Fat and what to remove is interesting, there are many opinions. Some people are meticulous about removing all “white” from the meat. Some people remove just the tendons and membranes, and leave the rest.

How do you know which fat is good and which is bad?

It is actually really simple. There is a rule of thumb you can use when trimming. The fat that is hard at room temperature stays. That is the saturated fat. Press your finger against it to feel the consistency. The fat that is soft or wiggly is removed, tendons and membranes also. Wiggly and/or soft fat will be there after cooking also, and doesn’t contribute any flavor. The hard, saturated fat melts on the other hand, and adds lots of flavor. See the image below where the saturated fat is indicated with arrows.

Saturated fat on ribeye steaks, make sure you leave it there.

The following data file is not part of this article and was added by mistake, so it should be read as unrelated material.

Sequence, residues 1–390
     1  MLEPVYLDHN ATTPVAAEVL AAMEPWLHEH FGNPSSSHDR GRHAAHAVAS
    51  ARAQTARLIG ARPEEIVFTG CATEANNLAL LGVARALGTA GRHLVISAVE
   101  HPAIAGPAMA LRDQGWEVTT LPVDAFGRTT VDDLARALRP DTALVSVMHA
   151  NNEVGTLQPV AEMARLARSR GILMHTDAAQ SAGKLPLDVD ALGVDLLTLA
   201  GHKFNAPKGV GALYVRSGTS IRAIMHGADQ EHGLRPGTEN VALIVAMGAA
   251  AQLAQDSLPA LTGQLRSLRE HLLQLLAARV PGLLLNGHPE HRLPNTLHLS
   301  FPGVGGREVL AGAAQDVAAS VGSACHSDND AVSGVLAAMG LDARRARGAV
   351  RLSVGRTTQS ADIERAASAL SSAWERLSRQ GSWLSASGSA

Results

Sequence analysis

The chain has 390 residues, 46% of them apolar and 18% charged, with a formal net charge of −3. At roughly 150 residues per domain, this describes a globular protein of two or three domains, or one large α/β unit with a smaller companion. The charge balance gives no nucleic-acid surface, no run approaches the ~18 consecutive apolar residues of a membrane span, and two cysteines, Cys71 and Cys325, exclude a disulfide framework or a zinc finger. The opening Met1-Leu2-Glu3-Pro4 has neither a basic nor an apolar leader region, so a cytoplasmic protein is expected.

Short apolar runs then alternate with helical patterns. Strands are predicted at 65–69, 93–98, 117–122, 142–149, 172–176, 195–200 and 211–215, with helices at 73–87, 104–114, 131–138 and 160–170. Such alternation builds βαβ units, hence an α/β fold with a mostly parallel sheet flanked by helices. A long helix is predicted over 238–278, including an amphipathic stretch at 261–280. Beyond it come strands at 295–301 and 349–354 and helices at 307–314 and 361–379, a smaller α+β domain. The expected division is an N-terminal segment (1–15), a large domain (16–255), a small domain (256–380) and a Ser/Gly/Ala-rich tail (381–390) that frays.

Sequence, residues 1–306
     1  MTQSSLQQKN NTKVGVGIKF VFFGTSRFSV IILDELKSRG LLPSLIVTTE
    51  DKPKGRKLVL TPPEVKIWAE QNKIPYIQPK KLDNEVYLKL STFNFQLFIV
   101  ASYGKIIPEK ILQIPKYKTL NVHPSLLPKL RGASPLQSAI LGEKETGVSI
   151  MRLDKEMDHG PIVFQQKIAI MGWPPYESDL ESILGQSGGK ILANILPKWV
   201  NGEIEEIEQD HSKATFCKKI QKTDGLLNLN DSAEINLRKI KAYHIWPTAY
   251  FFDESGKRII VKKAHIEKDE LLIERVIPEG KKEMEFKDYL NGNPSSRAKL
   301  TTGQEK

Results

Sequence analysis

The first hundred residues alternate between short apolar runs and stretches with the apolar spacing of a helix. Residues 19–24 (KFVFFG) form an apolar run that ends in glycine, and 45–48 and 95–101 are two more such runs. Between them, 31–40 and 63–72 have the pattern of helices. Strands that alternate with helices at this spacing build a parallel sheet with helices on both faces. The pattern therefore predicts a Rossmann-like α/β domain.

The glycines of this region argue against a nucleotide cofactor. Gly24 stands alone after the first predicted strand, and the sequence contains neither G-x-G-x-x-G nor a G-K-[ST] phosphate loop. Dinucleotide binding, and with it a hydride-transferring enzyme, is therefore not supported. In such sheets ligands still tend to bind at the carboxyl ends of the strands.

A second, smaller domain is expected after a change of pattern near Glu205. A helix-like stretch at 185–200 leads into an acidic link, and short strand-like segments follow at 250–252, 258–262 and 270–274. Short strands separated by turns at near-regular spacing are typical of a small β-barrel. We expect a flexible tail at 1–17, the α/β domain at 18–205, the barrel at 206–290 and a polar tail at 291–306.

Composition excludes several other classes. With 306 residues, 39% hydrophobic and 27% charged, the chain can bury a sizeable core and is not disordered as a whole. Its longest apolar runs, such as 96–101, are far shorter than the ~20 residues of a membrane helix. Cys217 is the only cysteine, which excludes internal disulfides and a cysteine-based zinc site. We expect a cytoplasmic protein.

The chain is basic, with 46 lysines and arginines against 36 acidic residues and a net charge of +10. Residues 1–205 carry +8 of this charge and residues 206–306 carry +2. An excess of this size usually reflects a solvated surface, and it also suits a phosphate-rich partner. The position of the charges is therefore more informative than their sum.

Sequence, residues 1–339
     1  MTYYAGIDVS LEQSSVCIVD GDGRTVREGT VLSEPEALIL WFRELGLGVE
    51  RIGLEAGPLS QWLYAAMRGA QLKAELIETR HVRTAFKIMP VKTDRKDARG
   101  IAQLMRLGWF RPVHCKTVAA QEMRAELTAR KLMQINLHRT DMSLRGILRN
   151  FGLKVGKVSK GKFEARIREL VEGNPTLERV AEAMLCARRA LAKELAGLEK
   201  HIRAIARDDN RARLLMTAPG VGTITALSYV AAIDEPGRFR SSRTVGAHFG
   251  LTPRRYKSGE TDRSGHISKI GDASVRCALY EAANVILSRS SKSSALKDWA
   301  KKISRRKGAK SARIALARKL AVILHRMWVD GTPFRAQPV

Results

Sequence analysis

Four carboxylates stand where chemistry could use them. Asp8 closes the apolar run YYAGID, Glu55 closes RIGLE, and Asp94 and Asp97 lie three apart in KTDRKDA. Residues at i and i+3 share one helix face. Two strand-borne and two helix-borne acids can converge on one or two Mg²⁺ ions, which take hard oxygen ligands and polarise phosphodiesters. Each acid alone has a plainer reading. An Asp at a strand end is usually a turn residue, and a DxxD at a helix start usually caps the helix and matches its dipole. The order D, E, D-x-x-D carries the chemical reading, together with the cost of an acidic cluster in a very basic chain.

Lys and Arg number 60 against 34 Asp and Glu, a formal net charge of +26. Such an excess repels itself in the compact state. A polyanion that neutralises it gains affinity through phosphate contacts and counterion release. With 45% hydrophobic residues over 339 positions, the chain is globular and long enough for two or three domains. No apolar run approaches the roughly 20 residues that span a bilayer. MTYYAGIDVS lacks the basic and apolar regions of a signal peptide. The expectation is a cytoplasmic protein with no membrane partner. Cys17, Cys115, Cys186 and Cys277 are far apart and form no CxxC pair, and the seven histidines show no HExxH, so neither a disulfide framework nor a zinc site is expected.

Saturated fat on ribeye steaks, make sure you leave it there.

Beef ribs with fat cap

Beef ribs with fat cap

What about the fat cap, which you see on hams, pork butts or beef rib roast?

It can be used in different ways. I usually cut it down if it is thicker than 0.5 inches. The purpose of this is only to use it as a heat shield when cooking in the oven or on the grill. It doesn’t need to be thicker than that. The rule of thumb is to always place the steak so the fat cap faces the heat source, where it is the hottest. If the heat in your grill comes from below you place the steak with the fat cap down. If the heat comes from above on the other hand (happens in a “reverse flow smoker” for example) you place it with the fat cap up.

Shouldn’t the fat cap always face up?

An old misconception is that the fat cap should face up, as the fat penetrates the meat when it melts. It doesn’t work that way, the fat molecules are way too large to penetrate the meat. Also, meat is around 70% water, and oil and water don’t mix. It does collect in the drip pan on the other hand, so use what’s in your drip pan to make a fabulous sauce.